Jan 05

The Unseen Realm: Recovering the supernatural worldview of the Bible, by Michael S. Heiser ★★

This book was given to be by a friend from church, and highly recommended by him and another friend at church. My oldest brother had also referred me to the writings and webpage of the author. It was a fairly easy book to read, and the book was heavily referenced. Appreciated was that the references ran on the same page as the text, thus encouraging review of his referenced material.

Heiser has the main theme and then a few minor themes in this book. The main theme is Heiser’s raison d’être. Psalm 82 introduces the idea of the divine counsel, and Heiser runs from there, first building up the idea of the divine counsel, and then working from Genesis to Revelation to build his case how the divine counsel seems to be the main operative system that drives this world. Sub-themes include the identity of the Nephelim and their instances throughout Scripture, and discussion of the nature of God. There is a moderate amount to be learned from this book, and my low rating of the book doesn’t mean that it is devoid of value. Au contraire. I think that Heiser frequently tends toward imaginative theology. He has an idea, and then explores how he could explore that idea with Scripture. I will mostly discuss a few major criticisms of this book.

Heiser begins by declaring that he will be introducing truths that mainstream Christians had previously totally missed in the reading of Scripture. Based on Psalm 82, the divine council is developed as a missed truth of Scripture. Heiser then proceeds to read the council of God into the entirety of Scripture. Any mention of God on His throne, or a coming judgment, is obviously referring to the Psalm 82 divine council. God (Yahweh) operates mostly via the agency of His divine council; whenever He declares in Scripture “Let us…”, Heiser notes that God is clearly speaking to the other gods of the divine council of an action that He (Yahweh) would like carried out. The heavenly conversation in Job 1 is obviously an official proceeding of the divine council. God in the garden of Eden was a divine council event. God meeting Moses and the elders at Mt. Sinai was a divine council function. Isaiah’s vision of God on his throne was an invasion into proceedings of the divine council. The divine council, according to Heiser, has a strong and prevailing status throughout Scripture which explains many passages of Scripture that are not clear. Yet, to do so is to do injustice to other Scripture.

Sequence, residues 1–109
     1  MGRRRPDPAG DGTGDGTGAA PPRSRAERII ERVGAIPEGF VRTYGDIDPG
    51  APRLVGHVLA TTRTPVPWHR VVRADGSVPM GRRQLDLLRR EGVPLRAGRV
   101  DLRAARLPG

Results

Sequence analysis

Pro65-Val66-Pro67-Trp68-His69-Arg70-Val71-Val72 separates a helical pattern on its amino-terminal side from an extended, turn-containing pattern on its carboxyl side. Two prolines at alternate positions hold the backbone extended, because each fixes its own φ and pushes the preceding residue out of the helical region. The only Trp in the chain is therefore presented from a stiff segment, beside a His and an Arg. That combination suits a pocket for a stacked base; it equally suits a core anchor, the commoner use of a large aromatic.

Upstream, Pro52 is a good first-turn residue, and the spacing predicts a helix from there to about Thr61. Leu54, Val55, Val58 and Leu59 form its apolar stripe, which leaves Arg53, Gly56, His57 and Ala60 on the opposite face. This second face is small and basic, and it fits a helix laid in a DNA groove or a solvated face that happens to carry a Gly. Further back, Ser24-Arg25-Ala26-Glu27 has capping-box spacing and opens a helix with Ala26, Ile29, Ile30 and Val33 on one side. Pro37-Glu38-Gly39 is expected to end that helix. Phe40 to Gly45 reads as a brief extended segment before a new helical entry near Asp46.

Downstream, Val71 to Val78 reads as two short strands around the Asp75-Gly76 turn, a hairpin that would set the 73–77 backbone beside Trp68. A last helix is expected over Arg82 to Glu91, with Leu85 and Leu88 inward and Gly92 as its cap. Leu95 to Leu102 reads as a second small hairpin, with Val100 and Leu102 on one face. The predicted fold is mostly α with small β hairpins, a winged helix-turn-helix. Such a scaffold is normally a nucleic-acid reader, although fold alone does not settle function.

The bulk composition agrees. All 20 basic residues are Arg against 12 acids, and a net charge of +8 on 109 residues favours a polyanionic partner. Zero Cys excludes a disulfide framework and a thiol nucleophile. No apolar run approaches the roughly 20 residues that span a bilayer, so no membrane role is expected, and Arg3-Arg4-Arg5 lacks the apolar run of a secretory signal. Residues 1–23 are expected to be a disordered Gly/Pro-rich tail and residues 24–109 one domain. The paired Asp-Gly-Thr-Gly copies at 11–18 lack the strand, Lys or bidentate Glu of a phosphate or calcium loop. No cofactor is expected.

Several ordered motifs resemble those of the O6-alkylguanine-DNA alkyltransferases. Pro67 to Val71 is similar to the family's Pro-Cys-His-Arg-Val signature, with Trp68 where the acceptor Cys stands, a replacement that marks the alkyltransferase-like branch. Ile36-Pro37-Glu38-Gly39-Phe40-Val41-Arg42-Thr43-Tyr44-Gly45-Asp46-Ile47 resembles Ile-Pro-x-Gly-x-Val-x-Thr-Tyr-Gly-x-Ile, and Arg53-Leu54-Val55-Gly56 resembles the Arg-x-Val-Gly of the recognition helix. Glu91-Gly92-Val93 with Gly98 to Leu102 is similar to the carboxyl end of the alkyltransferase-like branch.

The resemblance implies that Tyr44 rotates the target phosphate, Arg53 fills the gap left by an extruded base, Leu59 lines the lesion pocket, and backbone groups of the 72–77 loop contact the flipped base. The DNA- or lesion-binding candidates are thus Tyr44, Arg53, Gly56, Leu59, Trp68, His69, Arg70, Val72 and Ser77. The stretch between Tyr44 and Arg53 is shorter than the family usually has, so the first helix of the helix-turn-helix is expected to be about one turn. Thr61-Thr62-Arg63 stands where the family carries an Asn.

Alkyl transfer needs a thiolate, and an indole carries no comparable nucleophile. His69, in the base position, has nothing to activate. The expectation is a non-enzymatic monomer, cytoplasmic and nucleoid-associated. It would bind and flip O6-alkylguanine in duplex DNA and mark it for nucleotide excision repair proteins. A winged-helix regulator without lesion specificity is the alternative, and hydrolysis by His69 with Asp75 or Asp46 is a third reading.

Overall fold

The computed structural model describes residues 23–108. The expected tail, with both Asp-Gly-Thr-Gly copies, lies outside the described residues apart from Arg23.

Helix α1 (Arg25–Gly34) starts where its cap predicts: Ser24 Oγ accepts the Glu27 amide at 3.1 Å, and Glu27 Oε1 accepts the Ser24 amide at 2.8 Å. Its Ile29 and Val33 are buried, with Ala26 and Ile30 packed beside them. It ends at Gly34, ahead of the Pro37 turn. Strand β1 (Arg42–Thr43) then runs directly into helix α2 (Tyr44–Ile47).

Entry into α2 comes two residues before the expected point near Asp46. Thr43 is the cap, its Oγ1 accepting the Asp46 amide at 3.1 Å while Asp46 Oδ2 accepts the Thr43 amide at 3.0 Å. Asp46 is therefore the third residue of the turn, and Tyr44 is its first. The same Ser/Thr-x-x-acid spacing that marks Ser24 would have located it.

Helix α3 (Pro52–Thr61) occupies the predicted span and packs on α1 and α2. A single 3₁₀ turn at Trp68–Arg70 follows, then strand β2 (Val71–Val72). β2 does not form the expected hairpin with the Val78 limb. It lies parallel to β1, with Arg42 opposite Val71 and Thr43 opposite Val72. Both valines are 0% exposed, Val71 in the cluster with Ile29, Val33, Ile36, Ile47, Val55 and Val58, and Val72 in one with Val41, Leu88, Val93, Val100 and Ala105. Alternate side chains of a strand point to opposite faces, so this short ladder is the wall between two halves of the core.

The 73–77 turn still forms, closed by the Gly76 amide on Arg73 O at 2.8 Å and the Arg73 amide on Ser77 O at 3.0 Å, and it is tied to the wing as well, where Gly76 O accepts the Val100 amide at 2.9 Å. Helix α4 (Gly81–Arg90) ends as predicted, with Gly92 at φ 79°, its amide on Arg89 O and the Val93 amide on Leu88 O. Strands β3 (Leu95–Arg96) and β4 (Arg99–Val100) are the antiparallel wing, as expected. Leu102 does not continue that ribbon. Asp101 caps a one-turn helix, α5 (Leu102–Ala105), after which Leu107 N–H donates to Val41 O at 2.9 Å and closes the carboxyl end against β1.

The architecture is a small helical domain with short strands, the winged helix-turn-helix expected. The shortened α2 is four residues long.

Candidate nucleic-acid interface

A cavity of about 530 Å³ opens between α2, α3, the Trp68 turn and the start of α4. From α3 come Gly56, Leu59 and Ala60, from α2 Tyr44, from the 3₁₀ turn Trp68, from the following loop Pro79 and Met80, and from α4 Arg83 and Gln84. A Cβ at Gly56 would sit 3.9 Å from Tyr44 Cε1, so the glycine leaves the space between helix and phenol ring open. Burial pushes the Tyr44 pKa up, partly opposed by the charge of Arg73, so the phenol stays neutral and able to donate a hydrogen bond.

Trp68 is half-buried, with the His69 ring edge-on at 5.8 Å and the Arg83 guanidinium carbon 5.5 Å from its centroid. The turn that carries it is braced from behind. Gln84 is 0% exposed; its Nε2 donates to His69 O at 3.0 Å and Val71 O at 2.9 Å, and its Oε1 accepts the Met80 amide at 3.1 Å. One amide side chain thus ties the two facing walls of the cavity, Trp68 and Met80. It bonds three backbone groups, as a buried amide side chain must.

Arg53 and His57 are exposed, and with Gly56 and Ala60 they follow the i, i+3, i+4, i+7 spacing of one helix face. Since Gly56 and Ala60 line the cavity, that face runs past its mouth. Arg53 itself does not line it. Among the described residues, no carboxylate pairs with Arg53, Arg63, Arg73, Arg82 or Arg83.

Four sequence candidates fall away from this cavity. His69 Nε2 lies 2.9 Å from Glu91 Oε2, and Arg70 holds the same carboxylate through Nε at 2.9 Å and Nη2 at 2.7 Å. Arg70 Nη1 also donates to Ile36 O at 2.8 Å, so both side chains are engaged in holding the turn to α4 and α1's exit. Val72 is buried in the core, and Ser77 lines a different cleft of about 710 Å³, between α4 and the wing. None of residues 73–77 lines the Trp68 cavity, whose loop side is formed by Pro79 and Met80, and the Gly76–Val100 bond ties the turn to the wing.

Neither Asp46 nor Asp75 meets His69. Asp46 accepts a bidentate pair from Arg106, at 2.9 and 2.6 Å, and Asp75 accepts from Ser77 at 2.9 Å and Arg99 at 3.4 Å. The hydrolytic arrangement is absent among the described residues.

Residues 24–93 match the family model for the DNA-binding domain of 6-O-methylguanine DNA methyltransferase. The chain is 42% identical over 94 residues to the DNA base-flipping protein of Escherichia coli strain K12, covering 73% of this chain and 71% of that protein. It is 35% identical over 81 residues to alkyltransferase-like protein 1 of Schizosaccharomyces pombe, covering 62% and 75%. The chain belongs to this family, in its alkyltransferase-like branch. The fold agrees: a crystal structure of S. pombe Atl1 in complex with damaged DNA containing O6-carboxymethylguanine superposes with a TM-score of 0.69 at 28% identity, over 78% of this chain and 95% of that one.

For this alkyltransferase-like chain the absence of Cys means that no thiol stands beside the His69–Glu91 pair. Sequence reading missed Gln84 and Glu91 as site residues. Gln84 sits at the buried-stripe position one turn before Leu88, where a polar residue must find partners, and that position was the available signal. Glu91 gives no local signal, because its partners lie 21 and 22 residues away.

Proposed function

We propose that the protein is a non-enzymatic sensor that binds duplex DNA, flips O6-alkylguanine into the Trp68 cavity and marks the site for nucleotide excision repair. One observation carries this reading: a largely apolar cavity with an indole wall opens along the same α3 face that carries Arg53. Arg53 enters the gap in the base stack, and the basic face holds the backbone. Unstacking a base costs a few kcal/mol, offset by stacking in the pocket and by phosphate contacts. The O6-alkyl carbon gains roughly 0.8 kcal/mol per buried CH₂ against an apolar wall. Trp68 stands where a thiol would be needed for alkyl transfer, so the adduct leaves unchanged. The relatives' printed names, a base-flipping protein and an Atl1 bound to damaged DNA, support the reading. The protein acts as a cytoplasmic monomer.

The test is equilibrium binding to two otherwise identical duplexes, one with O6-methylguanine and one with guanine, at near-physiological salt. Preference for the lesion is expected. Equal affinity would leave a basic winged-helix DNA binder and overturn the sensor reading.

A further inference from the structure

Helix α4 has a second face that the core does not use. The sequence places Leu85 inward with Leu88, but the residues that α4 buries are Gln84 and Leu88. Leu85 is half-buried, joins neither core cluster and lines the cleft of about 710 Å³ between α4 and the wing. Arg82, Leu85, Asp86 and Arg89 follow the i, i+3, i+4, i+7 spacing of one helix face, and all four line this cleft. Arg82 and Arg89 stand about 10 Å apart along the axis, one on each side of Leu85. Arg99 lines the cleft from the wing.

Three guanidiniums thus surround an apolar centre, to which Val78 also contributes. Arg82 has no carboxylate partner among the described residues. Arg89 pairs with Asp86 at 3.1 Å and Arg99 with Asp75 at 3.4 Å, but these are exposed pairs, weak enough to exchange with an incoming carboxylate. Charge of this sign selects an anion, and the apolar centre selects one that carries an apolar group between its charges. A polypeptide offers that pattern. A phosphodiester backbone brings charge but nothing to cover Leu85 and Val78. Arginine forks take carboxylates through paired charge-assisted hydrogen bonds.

Heiser has problems with his theology, and these problems evolve in two areas. One is that his thesis demands a strict Arminian theology. Calvin and Reformed folk are excluded. Yahweh is just one of many participants in the drama of life. Yahweh, as seen in Scofield-like thinking, demands that Yahweh correct His course once in a while based on the unanticipated actions of man or lesser gods. Throughout the text, his Arminian theology is forced out. Free-will is vital to grasping Heiser’s thesis. A truly providential god is out. Heiser, in the process of developing his free-will thinking, makes a total mess of theodicy, the question of why there is evil in this world. Oddly, Heiser also seems to be an adherent to dispensational premillennialism, an eschatology that has been excluded from serious thought, though taught with zeal by Hal Lindsey and others.

A second theological tragedy in this text is confusion over the nature of God. Heiser desperately wishes to be seen as orthodox, yet he is anything but that. He NEVER mentions a triune God. He will speak of Jesus as God and the Holy Spirit as God and doesn’t lapse into modalism, yet his thinking is muddled. He will frequently speak of two-Jahwehs, one Jahweh with the capability of physical manifestations. His zeal to discuss the Elohim, or other gods, forces confusion regarding him being a polytheist versus a monotheist. Part of his confusion possibly stems from his free use of the word “divine” without clarifying exactly what it means. He will even suggest that saved humans eventually become “divine”, or part of the Elohim. He will mention (based on Psalm 82) that some Elohim will die. Such confusion is more fitting a fantasy or science fiction novel than it is a serious reading of Scripture.